|To find out how to get somewhere we start with where we want to be and realize where we are now.|
I heard a talk this morning (8 a.m. 1160 AM Catholic Radio, D.C. area) about how priests prepare for five years or more for their vocation of priesthood, but couples preparing for marriage, which is an equivalent vocation, spend…six months. In that process we maybe spend four or five one-hour sessions with a priest, add in a couple’s retreat, and a class on Natural Family Planning (what’s that? oh just a guide for amazing love making that lasts), and we’re all of a sudden prepared to take on a vocation just as important as the priesthood. If that’s the only thing couples are doing to set them selves up for the long haul, it doesn’t add up. No wonder we’re in a marriage crisis.
I often think our society, and I for most of my life, spend a lot of effort and time in trying to find the perfect, ideal person. What gets left behind, and much harder to deal with, is the person we have the hardest time facing---ourselves.
The point I want to say is that preparing for marriage begins when we’re single. I only started to realize this three and a half years ago when I was in Costa Rica. The love of my life, the only person I felt prayerfully convinced I was meant to marry, broke up with me months before I left, and I had a lot of hurt, anger, confusion, sadness, and felt downright lost. It took a year after Mimi and I broke up that I really started to get what it means to prepare for marriage---becoming the best version of the man I know I am…with only myself.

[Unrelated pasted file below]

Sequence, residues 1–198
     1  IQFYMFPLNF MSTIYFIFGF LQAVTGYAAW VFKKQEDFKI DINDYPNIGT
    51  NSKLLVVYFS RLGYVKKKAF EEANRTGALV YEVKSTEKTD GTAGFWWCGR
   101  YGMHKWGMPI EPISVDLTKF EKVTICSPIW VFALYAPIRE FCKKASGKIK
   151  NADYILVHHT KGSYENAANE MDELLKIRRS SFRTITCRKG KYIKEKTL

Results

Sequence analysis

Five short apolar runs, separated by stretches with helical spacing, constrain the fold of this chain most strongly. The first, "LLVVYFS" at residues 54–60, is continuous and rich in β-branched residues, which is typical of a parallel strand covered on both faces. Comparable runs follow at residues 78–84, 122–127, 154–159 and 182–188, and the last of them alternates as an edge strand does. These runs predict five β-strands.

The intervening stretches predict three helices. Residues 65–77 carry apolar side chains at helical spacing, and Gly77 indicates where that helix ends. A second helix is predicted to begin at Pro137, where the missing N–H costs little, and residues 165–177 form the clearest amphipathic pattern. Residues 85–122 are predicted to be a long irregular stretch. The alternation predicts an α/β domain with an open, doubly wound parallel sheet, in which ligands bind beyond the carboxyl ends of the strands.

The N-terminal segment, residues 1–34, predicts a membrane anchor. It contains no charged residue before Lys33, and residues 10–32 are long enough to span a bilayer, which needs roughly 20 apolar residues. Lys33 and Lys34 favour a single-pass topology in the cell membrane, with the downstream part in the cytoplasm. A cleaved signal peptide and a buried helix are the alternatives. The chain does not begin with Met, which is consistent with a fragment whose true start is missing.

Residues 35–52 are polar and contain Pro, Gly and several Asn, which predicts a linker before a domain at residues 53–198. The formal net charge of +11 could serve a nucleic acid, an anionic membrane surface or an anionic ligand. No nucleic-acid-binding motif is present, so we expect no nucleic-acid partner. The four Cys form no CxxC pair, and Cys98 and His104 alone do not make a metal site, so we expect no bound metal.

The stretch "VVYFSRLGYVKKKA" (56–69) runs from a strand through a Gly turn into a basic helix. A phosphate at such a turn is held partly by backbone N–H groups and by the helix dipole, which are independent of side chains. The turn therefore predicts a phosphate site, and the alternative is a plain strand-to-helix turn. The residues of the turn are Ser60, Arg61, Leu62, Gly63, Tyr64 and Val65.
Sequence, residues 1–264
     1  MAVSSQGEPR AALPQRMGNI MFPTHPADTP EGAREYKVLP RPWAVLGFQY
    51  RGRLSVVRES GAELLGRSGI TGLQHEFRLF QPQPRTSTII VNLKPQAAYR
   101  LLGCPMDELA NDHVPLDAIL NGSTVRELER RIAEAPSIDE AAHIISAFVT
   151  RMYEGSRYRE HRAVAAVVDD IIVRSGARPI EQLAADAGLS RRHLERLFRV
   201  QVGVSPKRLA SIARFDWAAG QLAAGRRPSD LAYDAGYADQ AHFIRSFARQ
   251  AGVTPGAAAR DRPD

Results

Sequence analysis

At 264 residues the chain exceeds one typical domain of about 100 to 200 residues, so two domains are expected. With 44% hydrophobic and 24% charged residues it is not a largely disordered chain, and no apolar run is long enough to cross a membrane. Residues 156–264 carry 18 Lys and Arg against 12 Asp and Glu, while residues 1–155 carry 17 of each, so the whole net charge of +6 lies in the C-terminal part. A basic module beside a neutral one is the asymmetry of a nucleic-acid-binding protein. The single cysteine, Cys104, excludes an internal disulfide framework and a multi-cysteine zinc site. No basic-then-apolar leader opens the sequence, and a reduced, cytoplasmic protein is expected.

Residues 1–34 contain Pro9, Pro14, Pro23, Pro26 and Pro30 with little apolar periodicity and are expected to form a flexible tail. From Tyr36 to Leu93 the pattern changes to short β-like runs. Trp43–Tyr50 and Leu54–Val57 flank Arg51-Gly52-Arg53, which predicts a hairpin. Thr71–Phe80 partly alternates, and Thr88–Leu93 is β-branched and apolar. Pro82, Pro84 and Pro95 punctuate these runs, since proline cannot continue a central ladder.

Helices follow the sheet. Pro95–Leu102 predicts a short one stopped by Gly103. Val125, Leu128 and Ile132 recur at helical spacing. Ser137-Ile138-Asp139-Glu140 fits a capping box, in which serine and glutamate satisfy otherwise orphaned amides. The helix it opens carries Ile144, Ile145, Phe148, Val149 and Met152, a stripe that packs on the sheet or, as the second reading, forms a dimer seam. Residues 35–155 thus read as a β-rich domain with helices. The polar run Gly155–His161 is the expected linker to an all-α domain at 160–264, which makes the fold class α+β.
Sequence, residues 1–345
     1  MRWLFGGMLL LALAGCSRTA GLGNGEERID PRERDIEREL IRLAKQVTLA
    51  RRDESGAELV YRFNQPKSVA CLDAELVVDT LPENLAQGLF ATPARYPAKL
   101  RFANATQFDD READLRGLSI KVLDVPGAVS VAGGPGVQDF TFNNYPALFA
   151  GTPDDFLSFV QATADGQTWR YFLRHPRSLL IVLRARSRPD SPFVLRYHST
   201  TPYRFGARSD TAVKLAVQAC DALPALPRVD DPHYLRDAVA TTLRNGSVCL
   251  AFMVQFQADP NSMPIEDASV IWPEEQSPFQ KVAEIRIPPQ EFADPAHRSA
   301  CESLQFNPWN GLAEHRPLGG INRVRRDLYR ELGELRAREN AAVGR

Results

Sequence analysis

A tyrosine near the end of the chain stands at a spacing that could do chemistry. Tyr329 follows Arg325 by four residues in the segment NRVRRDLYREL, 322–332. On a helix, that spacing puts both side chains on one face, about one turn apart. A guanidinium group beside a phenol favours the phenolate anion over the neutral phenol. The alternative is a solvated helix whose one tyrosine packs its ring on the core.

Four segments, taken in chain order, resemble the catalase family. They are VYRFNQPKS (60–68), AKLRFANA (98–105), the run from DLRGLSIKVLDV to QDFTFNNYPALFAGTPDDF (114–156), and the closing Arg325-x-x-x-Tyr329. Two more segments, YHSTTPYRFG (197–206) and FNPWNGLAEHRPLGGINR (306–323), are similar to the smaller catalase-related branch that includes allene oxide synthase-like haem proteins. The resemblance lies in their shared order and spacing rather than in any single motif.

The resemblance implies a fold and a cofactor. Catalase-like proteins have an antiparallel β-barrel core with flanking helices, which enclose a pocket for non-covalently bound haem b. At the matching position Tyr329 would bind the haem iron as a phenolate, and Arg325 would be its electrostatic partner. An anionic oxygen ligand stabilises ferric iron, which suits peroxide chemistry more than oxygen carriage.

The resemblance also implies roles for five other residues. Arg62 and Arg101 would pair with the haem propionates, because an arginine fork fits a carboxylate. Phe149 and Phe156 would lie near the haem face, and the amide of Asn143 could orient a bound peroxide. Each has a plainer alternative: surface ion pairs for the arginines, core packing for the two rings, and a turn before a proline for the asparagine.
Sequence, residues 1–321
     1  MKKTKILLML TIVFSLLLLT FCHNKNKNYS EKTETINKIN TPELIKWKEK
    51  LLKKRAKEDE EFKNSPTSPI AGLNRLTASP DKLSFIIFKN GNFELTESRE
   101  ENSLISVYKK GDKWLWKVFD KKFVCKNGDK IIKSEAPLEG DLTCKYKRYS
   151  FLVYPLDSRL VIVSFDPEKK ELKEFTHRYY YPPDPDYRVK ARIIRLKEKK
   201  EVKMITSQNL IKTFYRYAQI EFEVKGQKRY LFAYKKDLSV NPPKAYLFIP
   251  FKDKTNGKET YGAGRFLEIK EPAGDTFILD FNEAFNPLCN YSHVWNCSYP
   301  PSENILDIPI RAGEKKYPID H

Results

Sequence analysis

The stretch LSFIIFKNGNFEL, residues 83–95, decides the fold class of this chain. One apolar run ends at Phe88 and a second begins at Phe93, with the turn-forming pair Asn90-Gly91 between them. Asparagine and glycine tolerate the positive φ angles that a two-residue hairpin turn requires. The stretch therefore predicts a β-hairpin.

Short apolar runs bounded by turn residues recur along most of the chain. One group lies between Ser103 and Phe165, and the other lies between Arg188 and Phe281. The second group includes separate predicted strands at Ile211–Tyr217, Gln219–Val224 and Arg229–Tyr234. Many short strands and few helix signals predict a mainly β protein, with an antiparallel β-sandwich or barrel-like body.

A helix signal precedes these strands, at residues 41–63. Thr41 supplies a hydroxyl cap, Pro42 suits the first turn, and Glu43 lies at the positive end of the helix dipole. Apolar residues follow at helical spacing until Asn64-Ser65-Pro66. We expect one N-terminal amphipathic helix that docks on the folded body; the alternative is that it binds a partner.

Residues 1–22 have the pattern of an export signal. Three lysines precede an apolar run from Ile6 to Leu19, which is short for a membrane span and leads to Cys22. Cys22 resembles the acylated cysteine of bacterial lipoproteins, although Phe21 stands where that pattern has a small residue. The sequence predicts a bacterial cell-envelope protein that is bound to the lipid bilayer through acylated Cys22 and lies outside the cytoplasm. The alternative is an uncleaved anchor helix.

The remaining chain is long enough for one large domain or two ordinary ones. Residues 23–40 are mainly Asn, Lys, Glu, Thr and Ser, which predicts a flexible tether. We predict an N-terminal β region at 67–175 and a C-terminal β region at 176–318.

At the beginning of 2011, I really started to reflect on the man I wanted to be, especially as an eventual husband and father. After a lifetime of dating (I jumped from girlfriend ship to ship since literally 5th grade), I was tired of the scene and wanted to be ready to be able to marry the next woman I eventually would meet and date once I was back in the states. I wanted to be the best version I know I can be once I met that woman, so I set out some goals.
I told myself, when I’m a husband and father I want to be:
A man of prayer.
A man who is a good lover.
A man who is physically strong and in shape.
A man who knows how to upkeep a house.
A man who is prepared to provide financially.
A man who knows who he is and whose he is.
I’m going to break this up in a series. I encourage all single guys (and women, I speak to guys because that’s who I know how to be like) to take time to list the kind of person you want to be when you seek out your vocation whether that’s married, religious life, or even vocationally the lay single servant of God.
Remember, figuring out where we’re suppose to go starts with knowing where we are. In this case, that means facing who we are ourselves.